Foods That Improve Insulin Sensitivity

December 17, 2019

Insulin sensitivity can be described as the response the body elicits following the release of insulin. When the sensitivity is high, the body will require a small amount of insulin to reduce blood sugar levels. On the other hand, when sensitivity is low, the body may fail to respond to even high levels of insulin. Insulin is an essential hormone that is responsible for regulating the levels of blood sugar. The converse of insulin sensitivity is insulin resistance.

Insulin is made by beta cells in the pancreas. When cells are insulin resistant, they can’t use insulin effectively, and this means that you are likely to have high blood sugar levels. When your pancreas senses high blood sugar, it makes more insulin to overcome the resistance, but this may not improve the situation in the long run. Chronic insulin resistance, which is common in type 2 diabetes, may deplete beta cells in the pancreas. Also, prolonged high blood sugar can damage nerves and organs. Improving insulin sensitivity can help to reduce insulin resistance.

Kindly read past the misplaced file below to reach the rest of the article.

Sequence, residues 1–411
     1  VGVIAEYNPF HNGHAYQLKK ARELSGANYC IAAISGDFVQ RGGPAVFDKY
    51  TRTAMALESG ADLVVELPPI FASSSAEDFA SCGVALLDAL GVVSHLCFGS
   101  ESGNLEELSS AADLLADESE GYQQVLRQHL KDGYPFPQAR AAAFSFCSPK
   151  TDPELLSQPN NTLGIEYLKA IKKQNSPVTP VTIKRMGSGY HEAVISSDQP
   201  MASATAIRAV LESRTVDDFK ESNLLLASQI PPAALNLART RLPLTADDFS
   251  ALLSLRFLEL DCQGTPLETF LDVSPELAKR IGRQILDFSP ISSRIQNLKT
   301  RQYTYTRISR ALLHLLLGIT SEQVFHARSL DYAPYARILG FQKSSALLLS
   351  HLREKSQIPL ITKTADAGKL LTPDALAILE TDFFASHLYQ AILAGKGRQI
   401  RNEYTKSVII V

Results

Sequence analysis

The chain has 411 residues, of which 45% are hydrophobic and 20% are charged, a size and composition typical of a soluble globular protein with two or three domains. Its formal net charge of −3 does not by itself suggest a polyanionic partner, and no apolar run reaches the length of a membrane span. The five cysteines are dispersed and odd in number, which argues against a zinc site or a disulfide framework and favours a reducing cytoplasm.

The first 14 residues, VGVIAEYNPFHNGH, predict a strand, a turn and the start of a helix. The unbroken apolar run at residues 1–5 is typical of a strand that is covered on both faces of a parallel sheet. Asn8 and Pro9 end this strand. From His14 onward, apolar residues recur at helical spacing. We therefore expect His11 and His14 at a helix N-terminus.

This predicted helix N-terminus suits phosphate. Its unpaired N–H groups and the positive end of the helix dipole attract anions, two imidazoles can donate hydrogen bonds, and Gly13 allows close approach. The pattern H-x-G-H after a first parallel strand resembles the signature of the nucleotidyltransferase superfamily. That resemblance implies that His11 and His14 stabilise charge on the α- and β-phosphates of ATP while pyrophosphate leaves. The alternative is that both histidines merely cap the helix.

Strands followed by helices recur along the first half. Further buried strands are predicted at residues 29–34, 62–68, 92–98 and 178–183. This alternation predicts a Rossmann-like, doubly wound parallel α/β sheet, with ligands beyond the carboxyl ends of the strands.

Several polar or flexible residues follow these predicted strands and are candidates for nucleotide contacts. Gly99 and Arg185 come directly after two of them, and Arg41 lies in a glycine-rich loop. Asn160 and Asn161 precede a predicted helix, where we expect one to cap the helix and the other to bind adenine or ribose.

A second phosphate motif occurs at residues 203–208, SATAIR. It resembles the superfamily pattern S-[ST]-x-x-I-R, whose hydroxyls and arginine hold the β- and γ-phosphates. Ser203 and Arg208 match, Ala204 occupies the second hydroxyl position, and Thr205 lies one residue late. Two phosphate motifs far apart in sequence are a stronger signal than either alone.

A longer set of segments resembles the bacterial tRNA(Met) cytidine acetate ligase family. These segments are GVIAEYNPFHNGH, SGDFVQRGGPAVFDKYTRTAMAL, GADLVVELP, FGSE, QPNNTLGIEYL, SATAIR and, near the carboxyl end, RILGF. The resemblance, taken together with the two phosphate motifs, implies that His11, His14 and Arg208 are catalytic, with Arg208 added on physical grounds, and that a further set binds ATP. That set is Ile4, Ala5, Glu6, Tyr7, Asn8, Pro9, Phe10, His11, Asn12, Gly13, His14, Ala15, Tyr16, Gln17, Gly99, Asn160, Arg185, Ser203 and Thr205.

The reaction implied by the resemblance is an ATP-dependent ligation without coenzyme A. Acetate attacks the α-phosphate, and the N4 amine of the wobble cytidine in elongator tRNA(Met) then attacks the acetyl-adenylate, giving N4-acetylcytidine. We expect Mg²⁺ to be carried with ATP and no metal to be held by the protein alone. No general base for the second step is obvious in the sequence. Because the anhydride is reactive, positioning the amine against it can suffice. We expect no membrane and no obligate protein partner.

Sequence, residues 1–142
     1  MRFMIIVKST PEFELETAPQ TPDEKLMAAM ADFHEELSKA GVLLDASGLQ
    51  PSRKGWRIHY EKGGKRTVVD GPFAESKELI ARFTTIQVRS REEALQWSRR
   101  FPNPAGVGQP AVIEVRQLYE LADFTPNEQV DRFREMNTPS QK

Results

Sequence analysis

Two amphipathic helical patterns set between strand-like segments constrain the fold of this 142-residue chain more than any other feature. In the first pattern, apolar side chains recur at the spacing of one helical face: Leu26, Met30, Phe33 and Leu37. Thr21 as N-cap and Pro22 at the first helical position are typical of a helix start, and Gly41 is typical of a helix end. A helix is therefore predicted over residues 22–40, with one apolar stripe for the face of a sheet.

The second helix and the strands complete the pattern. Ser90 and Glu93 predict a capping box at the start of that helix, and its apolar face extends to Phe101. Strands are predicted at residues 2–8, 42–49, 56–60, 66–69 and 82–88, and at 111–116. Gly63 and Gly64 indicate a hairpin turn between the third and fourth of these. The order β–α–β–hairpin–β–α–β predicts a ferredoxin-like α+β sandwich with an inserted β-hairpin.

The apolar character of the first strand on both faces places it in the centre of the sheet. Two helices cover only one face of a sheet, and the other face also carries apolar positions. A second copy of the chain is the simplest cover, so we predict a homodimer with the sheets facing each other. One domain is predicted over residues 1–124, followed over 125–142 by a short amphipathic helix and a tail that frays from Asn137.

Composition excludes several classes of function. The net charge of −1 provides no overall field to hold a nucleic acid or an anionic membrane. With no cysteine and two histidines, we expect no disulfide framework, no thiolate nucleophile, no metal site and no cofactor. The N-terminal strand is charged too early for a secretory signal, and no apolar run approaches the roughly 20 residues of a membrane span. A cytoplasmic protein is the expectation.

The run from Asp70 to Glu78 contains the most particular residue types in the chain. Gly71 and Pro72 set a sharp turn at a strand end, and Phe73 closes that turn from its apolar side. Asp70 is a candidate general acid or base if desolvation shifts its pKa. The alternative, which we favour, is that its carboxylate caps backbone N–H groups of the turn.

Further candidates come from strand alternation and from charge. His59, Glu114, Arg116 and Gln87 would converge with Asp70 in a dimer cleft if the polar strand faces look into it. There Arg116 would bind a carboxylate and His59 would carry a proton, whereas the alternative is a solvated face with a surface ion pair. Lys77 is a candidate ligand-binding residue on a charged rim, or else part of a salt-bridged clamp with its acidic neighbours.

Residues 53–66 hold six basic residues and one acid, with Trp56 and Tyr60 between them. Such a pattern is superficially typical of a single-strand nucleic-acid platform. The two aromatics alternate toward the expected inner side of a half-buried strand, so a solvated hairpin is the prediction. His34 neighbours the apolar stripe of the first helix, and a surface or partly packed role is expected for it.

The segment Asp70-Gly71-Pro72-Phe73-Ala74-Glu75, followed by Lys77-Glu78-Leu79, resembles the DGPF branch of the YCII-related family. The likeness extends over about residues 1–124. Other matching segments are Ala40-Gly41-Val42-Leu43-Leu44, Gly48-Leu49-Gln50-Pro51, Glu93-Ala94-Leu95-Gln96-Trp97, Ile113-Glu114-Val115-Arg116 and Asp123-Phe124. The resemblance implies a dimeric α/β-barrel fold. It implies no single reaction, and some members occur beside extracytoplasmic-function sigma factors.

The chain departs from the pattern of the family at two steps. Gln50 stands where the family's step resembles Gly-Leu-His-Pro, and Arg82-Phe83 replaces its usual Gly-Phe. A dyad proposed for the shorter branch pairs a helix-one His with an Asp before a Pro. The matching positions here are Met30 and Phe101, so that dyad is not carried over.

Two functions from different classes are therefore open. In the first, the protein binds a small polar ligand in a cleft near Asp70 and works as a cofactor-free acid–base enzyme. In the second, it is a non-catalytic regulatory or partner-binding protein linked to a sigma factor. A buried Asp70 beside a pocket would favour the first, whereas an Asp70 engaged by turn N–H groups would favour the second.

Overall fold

Here are 8 ways to improve insulin sensitivity.

1.   Eat More Soluble Fiber

There are two kinds of fiber; soluble and insoluble. Insoluble fiber helps in forming stool that can easily move through the bowels. Soluble fiber, on the other hand, plays a huge role in promoting insulin sensitivity. A study published in NCBI showed that soluble fiber plays a role in increasing insulin sensitivity. Another study also showed that women who ate more soluble fiber had significantly lower levels of insulin resistance. Soluble fiber promotes the growth of friendly gut bacteria in your gut which has been linked to decreased insulin resistance.

Foods that are rich in soluble fiber include legumes, oatmeal, flaxseeds, Brussels sprouts, and fruits like oranges.

2.   Eat More Colorful Fruit and Vegetables

Colorful fruits and vegetables are rich in antioxidants. Antioxidants eradicate free radicals which can cause harmful inflammation and insulin resistance.

3.   Use Herbs and Spices

A number of spices play a role in promoting insulin sensitivity. They include:

  • Fenugreek seeds have high soluble fiber content. A 2001 study concluded that “fenugreek seeds improves glycemic control and decreases insulin resistance in mild type-2 diabetic patients.”